While an example distributed DSLAM 100 has been illustrated in FIG. 1, one or more of the interfaces, data structures, elements, processes and/or devices illustrated in FIG. 1 may be combined, divided, re-arranged, omitted, eliminated and/or implemented in any other way. Further, the example pedestal-based distributors 125, the example communication interface module 140 and/or the example transceiver 145 of FIG. 1 may be implemented by hardware, software, firmware and/or any combination of hardware, software and/or firmware. Thus, for example, any of the example pedestal-based distributors 125, the example communication interface module 140 and/or the example transceiver 145 may be implemented by one or more device(s), circuit(s), programmable processor(s), application specific integrated circuit(s) (ASIC(s)), programmable logic device(s) (PLD(s)) and/or field programmable logic device(s) (FPLD(s)), etc. Further still, a distributed DSLAM may include interfaces, data structures, elements, processes and/or devices instead of, or in addition to, those illustrated in FIG. 1 and/or may include more than one of any or all of the illustrated interfaces, data structures, elements, processes and/or devices.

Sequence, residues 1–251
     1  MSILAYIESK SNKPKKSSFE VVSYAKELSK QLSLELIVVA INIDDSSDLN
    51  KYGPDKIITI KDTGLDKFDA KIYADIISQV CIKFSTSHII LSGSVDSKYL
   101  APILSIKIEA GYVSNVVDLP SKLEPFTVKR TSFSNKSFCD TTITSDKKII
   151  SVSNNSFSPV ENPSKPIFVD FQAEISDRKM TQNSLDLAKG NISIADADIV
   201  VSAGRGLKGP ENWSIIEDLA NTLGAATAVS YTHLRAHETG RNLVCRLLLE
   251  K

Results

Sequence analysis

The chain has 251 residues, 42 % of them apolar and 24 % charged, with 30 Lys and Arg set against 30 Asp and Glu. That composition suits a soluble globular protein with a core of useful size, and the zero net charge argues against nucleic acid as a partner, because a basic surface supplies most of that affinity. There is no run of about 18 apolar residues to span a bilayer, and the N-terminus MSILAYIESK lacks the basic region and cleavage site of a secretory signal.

FIG. 2 illustrates an example manner of implementing the example pedestal-based distributors 125 of FIG. 1. To communicatively couple the pedestal-based distributor 125 to a previous and/or upstream daisy-chained element of the example distributed DSLAM 100 of FIG. 1, the example pedestal-based distributor 125 of FIG. 2 includes the example upstream communication interface module 210. The previous daisy-chained element can be either (a) the SAI 105 when the pedestal 115-117 that implements the pedestal-based distributor 125 is the closest pedestal 115 to the SAI 105, or (b) another pedestal 115-117. In some examples, the type of upstream communication interface module 210 implemented in a pedestal-based distributor 125 depends on whether the pedestal-based distributor 125 is directly communicatively coupled to the SAI 105. In some examples, the upstream communication interface module 210 of FIG. 2 implements an optical signal transceiver 305 (FIG. 3) when communicatively coupled to the SAI 105, or a bonding communication interface module (FIG. 4) when communicatively coupled to another pedestal 115-117. Alternatively, all pedestal-based distributors 125 implement an upstream communication interface module 210 that bonds together one or more DSL-based and/or Ethernet-based signals transported over respective telephone lines. Example manners of implementing the example upstream communication interface module 210 of FIG. 2 are described below in connection with FIGS. 3 and 4.